Above: “We love to work with pale pink in our interior projects and outside as well,” says Hélène Pinaud and Julien Schwartzmann of design firm Heju. “We used Farrow & Ball’s Setting Plaster on the façade of our latest shop project in Paris [Des Petits Hauts]. It’s soft, bright, and matches the Haussmann stone perfectly.”
Paris-based design firm Septembre works with Farrow & Ball colors most often. Says architect Lina Lagerstrom, the firm has recently used Castle Grey (shown on topmost façade; an archive F&B color but still available at Kent Blaxill), Pavilion Blue, and Hague Blue. Photograph of the Léon Surelevation project in Paris, France by David Foessel courtesy of Septembre.
Above: Paris-based design firm Septembre works with Farrow & Ball colors most often. Says architect Lina Lagerstrom, the firm has recently used Castle Grey (shown on topmost façade; an archive F&B color but still available at Kent Blaxill), Pavilion Blue, and Hague Blue. Photograph of the Léon Surelevation project in Paris, France by David Foessel courtesy of Septembre.
Both the designers as Septembre and Camille Hermand like Farrow & Ball&#8
Above: Both the designers as Septembre and Camille Hermand like Farrow & Ball’s Hague Blue as an accent color for its green undertones.
“The subtle use of color on an exterior is a great way to give a house a contemporary edge—especially for traditional th-century Parisian architecture,” designer Camille Hermand explains. “I like to keep things simple and sophisticated with a soft shade of off-white for walls, and a contrasting rich shade of blue or gray on window frames and shutters. Farrow & Ball’s Off Black is a favorite of mine and works particularly well with the cast iron of balustrades.” Hermand also likes to pair Hague Blue with Strong White, two other Farrow & Ball favorites. (Seen here in a project by Hermand, walls are painted Strong White with Off Black shutters.)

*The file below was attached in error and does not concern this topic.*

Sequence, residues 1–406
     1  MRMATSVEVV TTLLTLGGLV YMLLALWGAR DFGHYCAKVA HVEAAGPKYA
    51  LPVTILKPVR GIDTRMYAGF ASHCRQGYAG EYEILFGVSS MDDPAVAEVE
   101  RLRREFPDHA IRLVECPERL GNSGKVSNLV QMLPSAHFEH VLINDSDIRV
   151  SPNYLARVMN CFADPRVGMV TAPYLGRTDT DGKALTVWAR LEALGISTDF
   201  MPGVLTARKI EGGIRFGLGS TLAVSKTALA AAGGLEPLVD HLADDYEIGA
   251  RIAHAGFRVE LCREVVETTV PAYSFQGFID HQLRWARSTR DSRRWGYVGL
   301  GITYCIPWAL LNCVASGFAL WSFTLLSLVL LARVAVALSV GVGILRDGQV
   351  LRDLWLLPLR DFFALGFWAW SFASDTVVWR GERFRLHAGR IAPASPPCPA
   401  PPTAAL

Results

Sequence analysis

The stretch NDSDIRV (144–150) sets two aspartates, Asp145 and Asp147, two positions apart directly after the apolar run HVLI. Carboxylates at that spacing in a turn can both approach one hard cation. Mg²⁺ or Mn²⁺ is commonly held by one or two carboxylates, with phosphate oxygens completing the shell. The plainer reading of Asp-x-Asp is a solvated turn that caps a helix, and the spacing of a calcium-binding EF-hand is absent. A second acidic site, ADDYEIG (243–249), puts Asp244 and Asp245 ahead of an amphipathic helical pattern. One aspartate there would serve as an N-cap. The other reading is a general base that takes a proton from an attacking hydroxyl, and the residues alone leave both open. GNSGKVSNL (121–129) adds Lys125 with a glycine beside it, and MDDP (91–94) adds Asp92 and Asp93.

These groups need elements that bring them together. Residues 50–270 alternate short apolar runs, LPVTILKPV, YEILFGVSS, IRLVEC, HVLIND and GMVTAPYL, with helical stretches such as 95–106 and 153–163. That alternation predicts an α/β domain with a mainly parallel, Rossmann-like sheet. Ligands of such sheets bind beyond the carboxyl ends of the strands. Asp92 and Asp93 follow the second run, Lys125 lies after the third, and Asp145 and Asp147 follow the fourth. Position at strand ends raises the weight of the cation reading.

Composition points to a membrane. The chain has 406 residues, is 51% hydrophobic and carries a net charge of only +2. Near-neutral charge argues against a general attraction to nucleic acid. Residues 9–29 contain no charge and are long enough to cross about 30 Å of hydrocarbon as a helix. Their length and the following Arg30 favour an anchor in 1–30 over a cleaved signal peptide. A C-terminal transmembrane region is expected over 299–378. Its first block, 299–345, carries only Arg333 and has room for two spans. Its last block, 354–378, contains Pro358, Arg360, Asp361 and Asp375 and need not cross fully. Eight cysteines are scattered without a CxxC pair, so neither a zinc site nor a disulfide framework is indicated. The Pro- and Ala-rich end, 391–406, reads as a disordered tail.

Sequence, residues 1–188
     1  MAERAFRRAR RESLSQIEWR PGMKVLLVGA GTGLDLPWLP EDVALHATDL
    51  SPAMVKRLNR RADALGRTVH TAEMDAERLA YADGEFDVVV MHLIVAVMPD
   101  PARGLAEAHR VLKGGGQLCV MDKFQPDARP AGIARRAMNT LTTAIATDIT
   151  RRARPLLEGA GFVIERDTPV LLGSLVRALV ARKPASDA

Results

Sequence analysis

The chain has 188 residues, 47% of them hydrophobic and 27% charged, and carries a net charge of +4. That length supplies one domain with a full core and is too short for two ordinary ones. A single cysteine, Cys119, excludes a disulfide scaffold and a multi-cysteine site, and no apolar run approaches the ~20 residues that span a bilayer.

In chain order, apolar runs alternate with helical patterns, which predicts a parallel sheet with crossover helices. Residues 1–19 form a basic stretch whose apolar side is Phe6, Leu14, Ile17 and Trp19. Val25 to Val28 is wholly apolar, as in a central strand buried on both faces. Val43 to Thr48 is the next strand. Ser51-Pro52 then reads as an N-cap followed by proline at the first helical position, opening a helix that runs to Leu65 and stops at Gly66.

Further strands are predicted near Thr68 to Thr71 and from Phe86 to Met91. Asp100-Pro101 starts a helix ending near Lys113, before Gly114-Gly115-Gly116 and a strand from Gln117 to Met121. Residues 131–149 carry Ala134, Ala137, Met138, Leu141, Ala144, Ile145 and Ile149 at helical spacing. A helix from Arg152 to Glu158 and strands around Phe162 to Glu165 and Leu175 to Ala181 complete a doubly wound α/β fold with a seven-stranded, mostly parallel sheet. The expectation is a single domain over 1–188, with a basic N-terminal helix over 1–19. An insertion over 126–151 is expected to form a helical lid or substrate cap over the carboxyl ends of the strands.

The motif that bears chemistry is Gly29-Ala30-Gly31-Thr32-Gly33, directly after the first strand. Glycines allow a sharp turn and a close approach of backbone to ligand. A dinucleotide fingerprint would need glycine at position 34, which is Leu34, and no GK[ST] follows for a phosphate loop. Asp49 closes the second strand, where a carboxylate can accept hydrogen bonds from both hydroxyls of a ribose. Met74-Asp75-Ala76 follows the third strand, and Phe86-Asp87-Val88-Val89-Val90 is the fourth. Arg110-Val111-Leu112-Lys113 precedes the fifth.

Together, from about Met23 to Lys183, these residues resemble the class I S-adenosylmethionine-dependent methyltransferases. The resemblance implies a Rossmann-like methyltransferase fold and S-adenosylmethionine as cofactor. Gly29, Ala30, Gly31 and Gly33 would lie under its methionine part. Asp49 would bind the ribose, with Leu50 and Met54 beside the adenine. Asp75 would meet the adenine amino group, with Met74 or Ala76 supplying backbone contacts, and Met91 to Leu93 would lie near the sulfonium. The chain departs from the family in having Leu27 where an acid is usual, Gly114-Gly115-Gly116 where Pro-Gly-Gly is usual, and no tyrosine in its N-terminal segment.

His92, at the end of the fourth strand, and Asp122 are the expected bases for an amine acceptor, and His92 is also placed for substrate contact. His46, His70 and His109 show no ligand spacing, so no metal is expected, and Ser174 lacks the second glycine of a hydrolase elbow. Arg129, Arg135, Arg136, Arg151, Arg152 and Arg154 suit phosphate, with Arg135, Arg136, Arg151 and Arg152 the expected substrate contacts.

Above: “The subtle use of color on an exterior is a great way to give a house a contemporary edge—especially for traditional 19th-century Parisian architecture,” designer Camille Hermand explains. “I like to keep things simple and sophisticated with a soft shade of off-white for walls, and a contrasting rich shade of blue or gray on window frames and shutters. Farrow & Ball’s Off Black is a favorite of mine and works particularly well with the cast iron of balustrades.” Hermand also likes to pair Hague Blue with Strong White, two other Farrow & Ball favorites. (Seen here in a project by Hermand, walls are painted Strong White with Off Black shutters.)
Tom des Fleurs, the fleurist at Bleuet Coquelicot near Paris’s Canal St. Martin, painted his storefront in a bright pastel shade of lavender-blue (his store name after all means “blue poppy”): No. 6 French Lavender from Designers Guild. Photography by Mimi Giboin from Shopper’s Diary: Bleuet Coquelicot in Paris.